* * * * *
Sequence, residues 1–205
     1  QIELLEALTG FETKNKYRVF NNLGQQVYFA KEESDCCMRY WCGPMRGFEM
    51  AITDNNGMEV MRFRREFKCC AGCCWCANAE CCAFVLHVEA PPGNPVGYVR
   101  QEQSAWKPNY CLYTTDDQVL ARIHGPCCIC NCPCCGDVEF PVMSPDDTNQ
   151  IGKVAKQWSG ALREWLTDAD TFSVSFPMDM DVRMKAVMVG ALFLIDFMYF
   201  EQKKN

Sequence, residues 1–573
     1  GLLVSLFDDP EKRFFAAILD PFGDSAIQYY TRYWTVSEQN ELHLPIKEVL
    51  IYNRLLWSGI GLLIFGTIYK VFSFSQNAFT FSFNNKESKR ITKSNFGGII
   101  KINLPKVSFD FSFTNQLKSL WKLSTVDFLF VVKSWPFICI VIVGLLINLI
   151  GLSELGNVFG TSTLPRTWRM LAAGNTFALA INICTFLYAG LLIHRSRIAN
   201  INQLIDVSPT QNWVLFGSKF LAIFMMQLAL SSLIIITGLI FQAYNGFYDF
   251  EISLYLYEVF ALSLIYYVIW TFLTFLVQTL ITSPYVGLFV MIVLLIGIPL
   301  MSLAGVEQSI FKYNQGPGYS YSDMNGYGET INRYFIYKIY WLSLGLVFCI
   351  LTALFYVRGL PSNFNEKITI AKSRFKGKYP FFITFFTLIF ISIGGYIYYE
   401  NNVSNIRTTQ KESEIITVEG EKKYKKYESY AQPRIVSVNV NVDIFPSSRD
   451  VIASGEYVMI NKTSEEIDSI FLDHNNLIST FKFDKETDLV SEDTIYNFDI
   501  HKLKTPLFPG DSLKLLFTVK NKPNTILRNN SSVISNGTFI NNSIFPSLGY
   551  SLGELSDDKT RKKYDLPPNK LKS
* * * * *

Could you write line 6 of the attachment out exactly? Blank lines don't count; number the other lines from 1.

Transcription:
   201  EQKKN